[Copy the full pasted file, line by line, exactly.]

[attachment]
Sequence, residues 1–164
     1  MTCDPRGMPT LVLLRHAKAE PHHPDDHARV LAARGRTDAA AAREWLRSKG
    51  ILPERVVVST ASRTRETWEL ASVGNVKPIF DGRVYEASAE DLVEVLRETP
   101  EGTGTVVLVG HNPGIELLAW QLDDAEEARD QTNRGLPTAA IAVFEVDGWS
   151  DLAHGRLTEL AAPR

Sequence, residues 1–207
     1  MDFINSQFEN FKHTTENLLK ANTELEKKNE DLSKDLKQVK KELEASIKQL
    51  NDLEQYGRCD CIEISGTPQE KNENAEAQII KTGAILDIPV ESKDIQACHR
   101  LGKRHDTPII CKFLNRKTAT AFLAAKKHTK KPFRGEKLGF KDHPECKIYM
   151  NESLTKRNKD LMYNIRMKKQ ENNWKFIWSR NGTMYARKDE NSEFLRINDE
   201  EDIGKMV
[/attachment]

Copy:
Sequence, residues 1–164
     1  MTCDPRGMPT LVLLRHAKAE PHHPDDHARV LAARGRTDAA AAREWLRSKG
    51  ILPERVVVST ASRTRETWEL ASVGNVKPIF DGRVYEASAE DLVEVLRETP
   101  EGTGTVVLVG HNPGIELLAW QLDDAEEARD QTNRGLPTAA IAVFEVDGWS
   151  DLAHGRLTEL AAPR

Sequence, residues 1–207
     1  MDFINSQFEN FKHTTENLLK ANTELEKKNE DLSKDLKQVK KELEASIKQL
    51  NDLEQYGRCD CIEISGTPQE KNENAEAQII KTGAILDIPV ESKDIQACHR
   101  LGKRHDTPII CKFLNRKTAT AFLAAKKHTK KPFRGEKLGF KDHPECKIYM
   151  NESLTKRNKD LMYNIRMKKQ ENNWKFIWSR NGTMYARKDE NSEFLRINDE
   201  EDIGKMV